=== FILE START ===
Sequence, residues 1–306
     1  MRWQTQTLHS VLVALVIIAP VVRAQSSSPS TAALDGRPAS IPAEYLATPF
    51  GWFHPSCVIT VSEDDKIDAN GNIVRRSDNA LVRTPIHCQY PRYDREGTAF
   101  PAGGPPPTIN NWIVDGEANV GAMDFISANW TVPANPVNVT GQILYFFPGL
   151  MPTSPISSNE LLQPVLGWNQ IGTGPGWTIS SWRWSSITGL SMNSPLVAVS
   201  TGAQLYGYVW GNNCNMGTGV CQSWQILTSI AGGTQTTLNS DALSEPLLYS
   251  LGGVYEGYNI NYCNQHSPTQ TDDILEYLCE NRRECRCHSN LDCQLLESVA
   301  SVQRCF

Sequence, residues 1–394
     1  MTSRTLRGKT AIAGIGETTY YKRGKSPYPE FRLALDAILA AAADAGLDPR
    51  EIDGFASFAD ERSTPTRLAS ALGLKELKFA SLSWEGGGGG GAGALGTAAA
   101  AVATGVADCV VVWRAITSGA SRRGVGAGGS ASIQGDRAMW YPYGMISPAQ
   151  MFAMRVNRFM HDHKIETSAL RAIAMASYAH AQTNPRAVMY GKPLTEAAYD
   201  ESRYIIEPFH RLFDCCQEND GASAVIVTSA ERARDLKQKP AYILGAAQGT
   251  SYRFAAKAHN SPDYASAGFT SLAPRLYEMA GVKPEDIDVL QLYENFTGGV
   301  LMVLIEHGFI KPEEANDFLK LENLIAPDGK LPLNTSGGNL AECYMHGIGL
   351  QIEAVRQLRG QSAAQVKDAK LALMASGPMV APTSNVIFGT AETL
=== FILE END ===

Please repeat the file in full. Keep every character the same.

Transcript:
Sequence, residues 1–306
     1  MRWQTQTLHS VLVALVIIAP VVRAQSSSPS TAALDGRPAS IPAEYLATPF
    51  GWFHPSCVIT VSEDDKIDAN GNIVRRSDNA LVRTPIHCQY PRYDREGTAF
   101  PAGGPPPTIN NWIVDGEANV GAMDFISANW TVPANPVNVT GQILYFFPGL
   151  MPTSPISSNE LLQPVLGWNQ IGTGPGWTIS SWRWSSITGL SMNSPLVAVS
   201  TGAQLYGYVW GNNCNMGTGV CQSWQILTSI AGGTQTTLNS DALSEPLLYS
   251  LGGVYEGYNI NYCNQHSPTQ TDDILEYLCE NRRECRCHSN LDCQLLESVA
   301  SVQRCF

Sequence, residues 1–394
     1  MTSRTLRGKT AIAGIGETTY YKRGKSPYPE FRLALDAILA AAADAGLDPR
    51  EIDGFASFAD ERSTPTRLAS ALGLKELKFA SLSWEGGGGG GAGALGTAAA
   101  AVATGVADCV VVWRAITSGA SRRGVGAGGS ASIQGDRAMW YPYGMISPAQ
   151  MFAMRVNRFM HDHKIETSAL RAIAMASYAH AQTNPRAVMY GKPLTEAAYD
   201  ESRYIIEPFH RLFDCCQEND GASAVIVTSA ERARDLKQKP AYILGAAQGT
   251  SYRFAAKAHN SPDYASAGFT SLAPRLYEMA GVKPEDIDVL QLYENFTGGV
   301  LMVLIEHGFI KPEEANDFLK LENLIAPDGK LPLNTSGGNL AECYMHGIGL
   351  QIEAVRQLRG QSAAQVKDAK LALMASGPMV APTSNVIFGT AETL